Well, went into this knowing that Stephen King considers it his magnum opus (the Dark Tower that is, of which The Gunslinger is #1). Also, with a predisposition to not be very keen on Stephen King. I read a lot of his stuff as a teenager – Carrie, The Shining, Salem’s Lot, Christine, Tommyknockers, the list goes on – then suddenly didn’t like them any more, for whatever reason. Partly, they seemed inordinately long with a lot of waffle. Mainly, I realized I don’t like horror.
But – he is a great storyteller. And, I love his book on writing – unpretentious, clear, and thoughtful: snippets and thoughts and advice come back to me all the time. It lives in my head.
So, I decided to give The Gunslinger a go, especially as it seemed to be a departure from the horror tales that put me off. BTW THIS DOES CONTAIN SPOILERS.
It’s definitely an interesting read. The writing is unlike anything else (that I’ve read anyway) by Stephen King, far more poetic and descriptive – apparently too much so, he thought: he wrote it young and high on creative writing seminars, and later decided the prose was too purple, going through and scything out adjectives and images. Well, either I got an old version or he didn’t scythe them all by a long shot.
The sense of place is terrific – the desert, followed by a very long tunnel into a mountain. The descriptions are hugely atmospheric and moody, and the reader develops a real sense of this vast broken desert world.
The first line is of course iconic:
“The man in black fled into the desert, and the gunslinger followed.”
Simple, yet incredibly powerful (the power of short words – read a piece on that somewhere) and also a kind of summing up of the story – because that’s pretty well what it’s all about. A long pursuit. The reader gets the feeling that this pursuit is not the usual, one guy (good/lawman) after another (bad/criminal). These two figures, the gunslinger and the man in black, are symbolic of the two basic forces in their universe – good and evil, and the aims of the pursuit are – well, vague. There’s a dark tower involved. I think the gunslinger needs the man in black to help him find it. What for? Uh… read book two to find out (maybe). And yet for all the vague symbolism of his role, the gunslinger does develop a very specific personality – courageous, profoundly tough, with a conscience and some empathy (not enough), and a deep lack of imagination. He’s not even that smart, apparently, compared to the others of his tribe whom he’s outlived.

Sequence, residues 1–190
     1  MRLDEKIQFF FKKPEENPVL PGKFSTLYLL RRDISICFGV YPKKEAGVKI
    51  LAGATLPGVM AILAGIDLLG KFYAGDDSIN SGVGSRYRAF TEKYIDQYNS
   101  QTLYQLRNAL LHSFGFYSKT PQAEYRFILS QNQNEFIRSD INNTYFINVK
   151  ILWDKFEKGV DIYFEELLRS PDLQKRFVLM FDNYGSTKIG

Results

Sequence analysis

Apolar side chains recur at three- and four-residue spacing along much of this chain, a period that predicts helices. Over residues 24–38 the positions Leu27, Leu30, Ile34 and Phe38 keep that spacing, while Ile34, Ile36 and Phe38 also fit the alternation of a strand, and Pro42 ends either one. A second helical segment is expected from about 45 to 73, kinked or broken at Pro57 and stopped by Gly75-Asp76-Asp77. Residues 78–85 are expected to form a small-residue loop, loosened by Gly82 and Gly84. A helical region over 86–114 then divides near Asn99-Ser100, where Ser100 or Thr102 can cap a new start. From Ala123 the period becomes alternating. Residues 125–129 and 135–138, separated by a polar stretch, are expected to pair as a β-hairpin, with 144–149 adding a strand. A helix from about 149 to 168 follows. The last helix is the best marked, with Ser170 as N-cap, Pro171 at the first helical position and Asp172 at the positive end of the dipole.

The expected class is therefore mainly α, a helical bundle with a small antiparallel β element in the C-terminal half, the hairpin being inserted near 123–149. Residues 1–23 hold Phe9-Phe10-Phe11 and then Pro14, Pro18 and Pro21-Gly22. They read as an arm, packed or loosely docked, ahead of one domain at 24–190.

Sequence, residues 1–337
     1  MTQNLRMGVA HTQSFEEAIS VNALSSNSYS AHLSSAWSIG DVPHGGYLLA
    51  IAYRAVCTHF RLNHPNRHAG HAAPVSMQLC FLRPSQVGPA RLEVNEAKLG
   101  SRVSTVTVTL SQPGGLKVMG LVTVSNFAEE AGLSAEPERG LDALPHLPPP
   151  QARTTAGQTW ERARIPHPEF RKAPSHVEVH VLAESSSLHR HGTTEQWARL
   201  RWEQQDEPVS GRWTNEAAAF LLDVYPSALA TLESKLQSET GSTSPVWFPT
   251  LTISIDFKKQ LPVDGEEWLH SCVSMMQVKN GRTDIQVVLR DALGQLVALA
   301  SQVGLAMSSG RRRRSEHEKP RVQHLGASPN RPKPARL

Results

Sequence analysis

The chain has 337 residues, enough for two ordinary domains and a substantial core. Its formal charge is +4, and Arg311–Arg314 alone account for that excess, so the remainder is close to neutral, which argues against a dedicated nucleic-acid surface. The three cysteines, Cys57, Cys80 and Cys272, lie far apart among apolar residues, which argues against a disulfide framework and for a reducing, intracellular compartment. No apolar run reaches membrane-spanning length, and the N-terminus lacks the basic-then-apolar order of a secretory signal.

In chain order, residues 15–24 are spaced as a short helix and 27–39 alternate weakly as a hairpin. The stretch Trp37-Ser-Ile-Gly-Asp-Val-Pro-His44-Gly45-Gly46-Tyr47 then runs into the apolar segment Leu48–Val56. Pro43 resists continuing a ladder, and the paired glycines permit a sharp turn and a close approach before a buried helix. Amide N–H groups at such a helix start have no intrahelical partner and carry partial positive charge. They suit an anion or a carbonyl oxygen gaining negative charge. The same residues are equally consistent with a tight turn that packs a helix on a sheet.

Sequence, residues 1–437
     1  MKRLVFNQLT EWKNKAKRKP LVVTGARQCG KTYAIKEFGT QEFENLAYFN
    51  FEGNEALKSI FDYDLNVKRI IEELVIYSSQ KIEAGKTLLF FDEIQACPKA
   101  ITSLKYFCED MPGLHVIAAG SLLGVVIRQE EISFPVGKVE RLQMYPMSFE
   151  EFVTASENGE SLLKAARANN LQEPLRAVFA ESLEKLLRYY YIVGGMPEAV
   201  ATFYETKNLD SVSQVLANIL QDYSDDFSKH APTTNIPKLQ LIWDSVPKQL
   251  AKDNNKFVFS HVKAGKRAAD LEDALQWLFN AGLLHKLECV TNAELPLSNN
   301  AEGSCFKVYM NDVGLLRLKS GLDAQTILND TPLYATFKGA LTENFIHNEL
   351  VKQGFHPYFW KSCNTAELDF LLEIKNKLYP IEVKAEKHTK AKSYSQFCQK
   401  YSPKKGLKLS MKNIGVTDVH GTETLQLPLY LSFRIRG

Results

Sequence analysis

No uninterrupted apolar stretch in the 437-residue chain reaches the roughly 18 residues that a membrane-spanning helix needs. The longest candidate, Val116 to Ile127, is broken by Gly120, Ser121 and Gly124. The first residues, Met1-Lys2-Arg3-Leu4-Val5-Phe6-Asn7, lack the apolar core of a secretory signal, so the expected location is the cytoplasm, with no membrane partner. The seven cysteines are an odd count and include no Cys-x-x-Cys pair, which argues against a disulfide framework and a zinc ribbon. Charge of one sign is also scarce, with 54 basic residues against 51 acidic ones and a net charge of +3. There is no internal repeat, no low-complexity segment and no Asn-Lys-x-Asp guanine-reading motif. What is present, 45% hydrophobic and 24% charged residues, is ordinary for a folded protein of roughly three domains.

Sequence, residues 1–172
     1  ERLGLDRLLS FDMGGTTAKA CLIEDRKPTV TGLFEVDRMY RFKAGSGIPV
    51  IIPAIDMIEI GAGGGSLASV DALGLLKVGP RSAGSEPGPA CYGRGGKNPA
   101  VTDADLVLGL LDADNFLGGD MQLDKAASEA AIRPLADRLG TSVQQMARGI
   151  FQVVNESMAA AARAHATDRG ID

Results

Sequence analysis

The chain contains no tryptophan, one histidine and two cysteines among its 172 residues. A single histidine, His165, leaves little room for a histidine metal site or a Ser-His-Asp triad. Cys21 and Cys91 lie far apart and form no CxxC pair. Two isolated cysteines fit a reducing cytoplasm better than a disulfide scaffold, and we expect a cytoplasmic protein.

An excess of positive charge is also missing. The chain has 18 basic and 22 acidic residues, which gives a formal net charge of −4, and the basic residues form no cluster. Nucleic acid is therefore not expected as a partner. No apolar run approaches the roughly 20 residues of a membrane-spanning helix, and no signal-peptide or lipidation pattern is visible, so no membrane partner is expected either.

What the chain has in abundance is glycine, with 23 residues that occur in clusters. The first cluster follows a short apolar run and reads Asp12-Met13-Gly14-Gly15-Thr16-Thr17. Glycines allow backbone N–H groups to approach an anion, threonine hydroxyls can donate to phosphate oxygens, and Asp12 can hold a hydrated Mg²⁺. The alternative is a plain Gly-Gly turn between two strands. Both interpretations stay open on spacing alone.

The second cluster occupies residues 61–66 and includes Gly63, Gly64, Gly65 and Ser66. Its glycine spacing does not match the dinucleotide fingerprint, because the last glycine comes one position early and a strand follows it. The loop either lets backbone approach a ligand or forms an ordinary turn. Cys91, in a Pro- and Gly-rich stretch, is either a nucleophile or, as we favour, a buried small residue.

It does have the feel of a prequel. There are odd unexplained connections to our own world in the person of Jake, a boy that the man in black killed in more or less contemporary New York. The plot is thin. The gunslinger’s history is explained to some extent through lengthy flashbacks/tales of his past: the burning of a woman he loved, the massacre of the township of Tull, his upbringing in Gilead under the harsh tutelage of a man named Cort.
Two things struck me, neither of which would prevent me reading the next volume. One is, King said somewhere that that he loved LOTR but knew his own opus would have to be firmly American, fertilized by his own cultural roots. Which is fine – the western – but then the flashbacks to Roland’s upbringing could quite easily have been lifted from some medieval castle where the knights’ sons are being raised as warriors, and the liege lord’s wife is being seduced by some nasty courtier… It seemed strangely traditional and not quite consistent with the new world vibe.
Secondly, I didn’t quite see why Jake had to die. At some point the gunslinger understands Jake will have to be sacrificed, if he is to continue his hunt for the man in black. Uh – why? This was not even close to being explained, neither rationally or magically. It was just random – and out of character for the gunslinger to go along with some vaguely implied request from the man in black.
But, as I said, neither of these two issues were huge, or would stop me reading the next volume in the series. Only thing is – from here on in they get a lot longer. Just hope it doesn’t slip back into excess word count and waffle.
Also – the movie’s just come out and the poster’s brilliant.
What Works And Why?
We read to escape, enjoy, engage, and find out more about our world. So reading is great - but what makes a great read? A page dedicated to short analyses of how writers engage readers.